“Herbal leys are a good option, but at £382/ha I don’t think it is enough to justify doing, once you take into account costs such as seed.”

Similarly, the current proposed payment of £153-163/ha for spring, summer or autumn cover crops isn’t viable, even added to an overwintered cover crop, he adds.

“It should be a minimum of £750/ha, although it depends on what you’re comparing it to.

“It’s a difficult one, but it is possibly such a big game-changer in terms of soil improvement in a regenerative system that it has to be worth that sort of money.”

South: Tom Carr, Hampshire

This summer is likely to be the earliest that Southwick Estate will apply to join a SFI scheme, Tom Carr says.

“We have some legacy Countryside Stewardship agreements on land which has come back to us from tenants, so we are waiting for those to phase out so we can have one estate-wide agreement, with the exception of one larger remaining CS agreement.”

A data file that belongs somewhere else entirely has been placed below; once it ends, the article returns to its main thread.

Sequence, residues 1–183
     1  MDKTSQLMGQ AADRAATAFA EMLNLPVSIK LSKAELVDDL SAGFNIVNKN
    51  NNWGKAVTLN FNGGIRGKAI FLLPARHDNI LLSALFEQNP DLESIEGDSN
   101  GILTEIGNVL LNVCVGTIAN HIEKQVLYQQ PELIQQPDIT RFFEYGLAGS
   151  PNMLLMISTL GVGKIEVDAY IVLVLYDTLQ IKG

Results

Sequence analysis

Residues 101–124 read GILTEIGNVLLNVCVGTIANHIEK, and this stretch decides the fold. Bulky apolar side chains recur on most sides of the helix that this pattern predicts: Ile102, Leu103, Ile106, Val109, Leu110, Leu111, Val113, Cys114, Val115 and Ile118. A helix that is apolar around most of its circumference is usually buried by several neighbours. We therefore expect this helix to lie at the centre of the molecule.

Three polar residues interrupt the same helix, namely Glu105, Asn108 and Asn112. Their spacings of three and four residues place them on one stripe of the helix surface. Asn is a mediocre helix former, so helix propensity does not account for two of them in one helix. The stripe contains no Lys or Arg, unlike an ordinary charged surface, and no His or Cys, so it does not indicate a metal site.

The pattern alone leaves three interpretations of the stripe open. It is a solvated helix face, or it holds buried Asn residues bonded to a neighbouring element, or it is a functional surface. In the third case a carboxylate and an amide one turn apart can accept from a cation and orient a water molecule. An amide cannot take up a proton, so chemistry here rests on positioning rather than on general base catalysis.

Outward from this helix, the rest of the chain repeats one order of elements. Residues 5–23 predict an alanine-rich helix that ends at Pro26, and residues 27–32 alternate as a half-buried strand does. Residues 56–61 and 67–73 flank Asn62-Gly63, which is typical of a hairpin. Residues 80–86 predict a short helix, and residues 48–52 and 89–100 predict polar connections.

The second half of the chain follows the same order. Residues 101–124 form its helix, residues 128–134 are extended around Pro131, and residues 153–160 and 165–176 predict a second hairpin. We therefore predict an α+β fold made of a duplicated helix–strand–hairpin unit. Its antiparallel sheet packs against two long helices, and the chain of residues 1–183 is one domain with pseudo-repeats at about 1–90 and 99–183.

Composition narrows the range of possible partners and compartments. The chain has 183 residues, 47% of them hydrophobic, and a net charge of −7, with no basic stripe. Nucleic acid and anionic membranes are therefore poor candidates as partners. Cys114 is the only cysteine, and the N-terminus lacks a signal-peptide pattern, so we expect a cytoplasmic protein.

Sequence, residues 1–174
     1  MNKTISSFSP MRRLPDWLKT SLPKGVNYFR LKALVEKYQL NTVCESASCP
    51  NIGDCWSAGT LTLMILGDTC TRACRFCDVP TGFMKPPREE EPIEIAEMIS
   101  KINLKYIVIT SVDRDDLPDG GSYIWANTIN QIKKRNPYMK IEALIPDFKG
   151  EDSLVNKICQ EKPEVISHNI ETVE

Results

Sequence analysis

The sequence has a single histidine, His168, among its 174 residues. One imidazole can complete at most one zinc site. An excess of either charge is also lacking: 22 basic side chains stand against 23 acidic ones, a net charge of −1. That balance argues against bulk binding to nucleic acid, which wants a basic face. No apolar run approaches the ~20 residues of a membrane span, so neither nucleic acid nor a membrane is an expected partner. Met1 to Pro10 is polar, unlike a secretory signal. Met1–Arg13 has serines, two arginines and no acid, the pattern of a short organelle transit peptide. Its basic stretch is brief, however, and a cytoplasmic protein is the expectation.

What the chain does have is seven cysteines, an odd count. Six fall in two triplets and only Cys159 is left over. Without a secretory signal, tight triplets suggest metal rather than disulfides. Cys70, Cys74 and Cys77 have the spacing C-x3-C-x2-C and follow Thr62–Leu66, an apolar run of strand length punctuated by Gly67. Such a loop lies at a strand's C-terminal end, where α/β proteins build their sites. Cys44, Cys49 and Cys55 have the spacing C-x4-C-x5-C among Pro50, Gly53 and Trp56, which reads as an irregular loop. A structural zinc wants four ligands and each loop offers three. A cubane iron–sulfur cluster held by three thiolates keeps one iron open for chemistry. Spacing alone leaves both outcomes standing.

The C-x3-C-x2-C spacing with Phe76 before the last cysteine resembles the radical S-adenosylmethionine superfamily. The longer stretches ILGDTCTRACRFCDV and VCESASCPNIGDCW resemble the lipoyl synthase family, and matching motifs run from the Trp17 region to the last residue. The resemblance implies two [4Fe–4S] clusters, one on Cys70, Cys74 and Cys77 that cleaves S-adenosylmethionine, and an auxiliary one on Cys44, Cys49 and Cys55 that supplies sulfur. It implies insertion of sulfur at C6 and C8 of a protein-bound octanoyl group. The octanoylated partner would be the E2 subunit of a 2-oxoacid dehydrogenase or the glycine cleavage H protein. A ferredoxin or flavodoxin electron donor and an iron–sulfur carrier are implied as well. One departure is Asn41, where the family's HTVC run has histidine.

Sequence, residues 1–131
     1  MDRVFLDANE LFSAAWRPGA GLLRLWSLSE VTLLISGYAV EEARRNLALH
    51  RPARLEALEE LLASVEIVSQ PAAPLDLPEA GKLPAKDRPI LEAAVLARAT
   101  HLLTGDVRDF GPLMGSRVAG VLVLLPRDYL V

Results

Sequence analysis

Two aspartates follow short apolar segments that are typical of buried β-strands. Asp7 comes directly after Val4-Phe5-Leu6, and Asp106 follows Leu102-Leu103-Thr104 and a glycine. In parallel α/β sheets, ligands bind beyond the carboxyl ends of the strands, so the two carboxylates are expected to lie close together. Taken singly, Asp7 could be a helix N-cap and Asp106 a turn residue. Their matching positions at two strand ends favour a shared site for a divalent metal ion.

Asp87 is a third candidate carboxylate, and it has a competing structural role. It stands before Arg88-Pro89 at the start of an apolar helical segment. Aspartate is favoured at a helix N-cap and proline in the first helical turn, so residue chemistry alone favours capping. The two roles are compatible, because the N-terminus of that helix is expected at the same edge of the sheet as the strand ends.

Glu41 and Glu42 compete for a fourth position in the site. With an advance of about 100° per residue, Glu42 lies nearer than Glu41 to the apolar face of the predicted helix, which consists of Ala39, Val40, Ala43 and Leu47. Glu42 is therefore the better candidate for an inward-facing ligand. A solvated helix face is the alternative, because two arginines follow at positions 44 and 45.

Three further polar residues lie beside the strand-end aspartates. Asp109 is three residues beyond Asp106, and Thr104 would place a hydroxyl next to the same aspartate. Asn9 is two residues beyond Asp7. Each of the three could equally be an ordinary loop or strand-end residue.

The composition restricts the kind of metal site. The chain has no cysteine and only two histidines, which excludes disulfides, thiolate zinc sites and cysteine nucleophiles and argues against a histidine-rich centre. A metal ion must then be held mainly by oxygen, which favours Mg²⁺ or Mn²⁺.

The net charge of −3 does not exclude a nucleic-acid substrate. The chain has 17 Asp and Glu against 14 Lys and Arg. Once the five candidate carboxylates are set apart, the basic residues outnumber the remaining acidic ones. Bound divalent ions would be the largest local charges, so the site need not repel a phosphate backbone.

The SFI payment rates in the latest iteration are also more attractive, he notes, with many of the options likely to be for grassland.

“Three-quarters of the farm is grassland, so there will be lots of herbal leys on permanent pasture, which pays well.

“For arable, I’m looking at legume fallows to replace oilseed rape in the rotation, as we might grow a wheat, barley, SFI rotation.”

It will help the estate’s aim to reduce reliance on outside contractors while making the business more resilient and profitable.

Tom does have some concerns that SFI is encouraging farms to move away from food production.